Friday, July 30, 2010

another busy day on the beach

Coffee of the Day: Ethiopian Yirgacheffe
Bird of the Day: common tern
No interesting wrack items or Coast Guard assets sighted (However, I was wishing I had the power to make Coast Guard assets appear on demand). One refuge biological staff sighted.
Invisi-bird Status: no update this week. The numbers on the white board haven't been updated since July 15. Number seen by me: zero.

The first thing I notice this morning (well, besides the group of RVs camping at the airport) is mass quantities of common terns. There are more common terns flying around the north end of the beach this morning than I have seen collectively all summer. Migration is in full swing.

The second thing I notice is that the crazies are out in full force. All kinds of crazies. You got your disgruntled plover-hating locals, your inattentive parents (Whatever happened to helicopter parents? Do they only hover over imaginary danger?), and your clueless boat skippers. I had forgotten that you don't need a license or a safety certificate to drive a power boat in Massachusetts.

A powerboat comes in dangerously close to shore to pick up a passenger. What the?!?! The passenger is trespassing in the closed beach area, the boat is illegally, and like I said, dangerously, close to shore. Some women fishing for flounder ask me if I've ever seen anything like this before. Nope. Never. Never mind keeping people and boats out of the closed area, which is my actual duty, I'm frickin' worried about injury or loss of life! The boat is aground. The skipper tries to get it out and only succeeds in turning it parallel to the waves. This is not good. A big wave sets the boat up on its side. Fortunately it doesn't capsize. The skipper is in the water trying to push the boat off the sand. I ask if he needs help. "Maybe," he says. I call for help but Gatehouse thinks I am saying "dog" when I am saying "boat aground". I try to hold radio at correct angle to mouth and enunciate clearly but no luck. Nobody but Gatehouse can hear me at all. Adrenalin is flowing as I try to figure out how I and the flounder ladies can rescue these people if the boat capsizes. Finally the idiot gets the boat unstuck from the bottom and perpendicular to shore with the bow facing shore so the engine is free to go into reverse without getting the guy more stuck. They leave and I'm still shaking. I radio Gatehouse that the problem is solved. Unit 61 radios that he only heard Gatehouse's part of the conversation. Gatehouse tells him it's resolved.

I chase down a stray toddler and return her to her Mommy. Y'know, if it was just a matter of trespassing in the nesting area, it wouldn't be so bad, but these stray toddlers wander into the water and have no frickin' clue about the undertow, the rip, whatever you call it in your part of the world. Grrr. The Mommy at least has the class to say she's sorry.

A woman who is impatient for the beach to reopen asks me how many plovers are still here. She's been told all but three have left and "the girl" (plover warden? biologist? random person?) told her they don't know what's taking those last three so long to leave. I tell her I don't know the numbers. The last numbers I had were from July 15 and there were still 15 chicks. I don't know how many of those have fledged.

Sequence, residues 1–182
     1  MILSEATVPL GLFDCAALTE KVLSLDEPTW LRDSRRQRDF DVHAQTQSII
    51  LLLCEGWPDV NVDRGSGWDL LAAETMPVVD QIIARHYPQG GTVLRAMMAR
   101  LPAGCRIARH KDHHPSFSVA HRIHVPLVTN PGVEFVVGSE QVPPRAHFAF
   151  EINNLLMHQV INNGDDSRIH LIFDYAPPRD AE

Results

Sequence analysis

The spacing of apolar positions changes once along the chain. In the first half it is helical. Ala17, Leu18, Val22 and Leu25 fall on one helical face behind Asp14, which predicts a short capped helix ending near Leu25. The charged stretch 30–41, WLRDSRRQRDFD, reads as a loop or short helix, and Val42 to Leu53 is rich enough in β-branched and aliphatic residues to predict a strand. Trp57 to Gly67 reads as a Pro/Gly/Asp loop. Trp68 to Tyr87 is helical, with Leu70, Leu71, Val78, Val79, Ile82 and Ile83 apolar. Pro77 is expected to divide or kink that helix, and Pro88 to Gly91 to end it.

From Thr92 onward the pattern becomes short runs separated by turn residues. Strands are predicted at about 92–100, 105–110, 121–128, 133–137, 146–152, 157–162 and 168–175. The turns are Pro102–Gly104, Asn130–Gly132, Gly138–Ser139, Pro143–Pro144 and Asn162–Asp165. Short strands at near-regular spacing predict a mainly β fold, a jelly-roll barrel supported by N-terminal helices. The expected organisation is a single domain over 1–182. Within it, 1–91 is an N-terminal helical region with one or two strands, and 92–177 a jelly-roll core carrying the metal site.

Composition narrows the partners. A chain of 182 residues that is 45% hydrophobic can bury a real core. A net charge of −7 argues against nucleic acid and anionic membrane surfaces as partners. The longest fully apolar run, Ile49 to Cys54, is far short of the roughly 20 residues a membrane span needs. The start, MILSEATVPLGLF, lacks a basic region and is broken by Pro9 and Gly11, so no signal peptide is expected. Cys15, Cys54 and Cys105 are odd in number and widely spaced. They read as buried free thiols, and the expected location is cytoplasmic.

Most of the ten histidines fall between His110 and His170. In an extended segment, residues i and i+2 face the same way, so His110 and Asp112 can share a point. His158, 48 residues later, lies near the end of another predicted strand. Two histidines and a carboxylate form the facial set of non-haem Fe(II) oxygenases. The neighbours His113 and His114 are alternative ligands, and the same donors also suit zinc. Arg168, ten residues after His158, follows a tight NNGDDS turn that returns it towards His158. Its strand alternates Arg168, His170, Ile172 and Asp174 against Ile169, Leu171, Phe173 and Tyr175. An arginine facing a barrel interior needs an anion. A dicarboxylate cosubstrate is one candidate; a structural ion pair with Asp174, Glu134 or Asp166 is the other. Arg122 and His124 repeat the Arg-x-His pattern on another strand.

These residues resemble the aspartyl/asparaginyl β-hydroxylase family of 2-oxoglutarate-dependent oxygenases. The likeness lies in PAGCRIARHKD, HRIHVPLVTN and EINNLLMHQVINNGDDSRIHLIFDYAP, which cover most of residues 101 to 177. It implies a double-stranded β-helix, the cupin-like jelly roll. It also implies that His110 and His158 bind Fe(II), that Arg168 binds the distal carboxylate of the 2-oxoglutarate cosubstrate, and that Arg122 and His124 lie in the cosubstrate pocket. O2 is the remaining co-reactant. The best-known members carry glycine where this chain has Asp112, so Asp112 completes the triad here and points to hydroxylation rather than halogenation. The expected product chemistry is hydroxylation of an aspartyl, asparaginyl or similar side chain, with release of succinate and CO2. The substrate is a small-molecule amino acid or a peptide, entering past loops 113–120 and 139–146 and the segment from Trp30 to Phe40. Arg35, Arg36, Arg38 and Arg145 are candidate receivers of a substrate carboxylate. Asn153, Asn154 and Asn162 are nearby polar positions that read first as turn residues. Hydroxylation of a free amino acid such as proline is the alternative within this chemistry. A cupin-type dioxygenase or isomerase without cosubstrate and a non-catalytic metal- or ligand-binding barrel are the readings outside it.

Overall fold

I try to use the speech that usually works for me about how vulnerable the chicks are between when they hatch and when they fledge. "People are vulnerable too," she says and goes on about how the people need the beach to cool off during this terrible heat wave. Hunh? I have trouble believing that elderly people are dying of heat stroke because they can't access 6 miles of a national wildlife refuge beach. I think the boat aground thing must have scrambled my brain because I stupidly say that people have air conditioning. She argues that not everybody has air conditioning. Of course that's true. I don't argue with her on that point anymore though I'm still internally trying to imagine how opening the refuge beach would save even one life. There's plenty of beach.

The woman keeps after me even after I turn away. She uses the old "Crane's Beach doesn't close the beach" argument. I respond with the official "This is a national wildlife refuge, our mission is wildlife first" argument. I explain that Crane's Beach is privately owned by the Trustees of Reservations. It is not a national wildlife refuge. She then tells me that the reason the piping plovers do better on Crane's Beach than on the refuge is because our closing the beach means there are no people to scare the foxes away. First time I've heard that. I tell her there is no argument I can make that will convince her that saving the piping plover is worth closing a few miles of beach and that if she wants to change the policy of the USFWS, she should contact headquarters in Washington.

I'm fielding questions and chasing toddlers at a pretty pace when ... pause dramatically ... the boat comes back. Seriously. Apparently he is dropping off the woman he picked up earlier. She jumps off the boat into the rip. The flounder fishing ladies are astounded. "He expects her to swim thru the rip!?!" they exclaim. He manages not to run aground. The passenger manages to get ashore, in the closed area again. I tell her to stay out of there and that they are darn lucky nobody was hurt. She shrugs it off and says it won't happen again.

By the time my relief arrives, I am exhausted. Everyone to whom I tell the tale, from Gatehouse to coffeeshop waitresses is astounded that no one got hurt and that you apparently don't need a brain to drive a boat in Massachusetts.

1 comment:

Anonymous said...


Would you like to receive news releases and review copies of Princeton University Press's forthcoming birding and natural history books? Please contact me at for more information.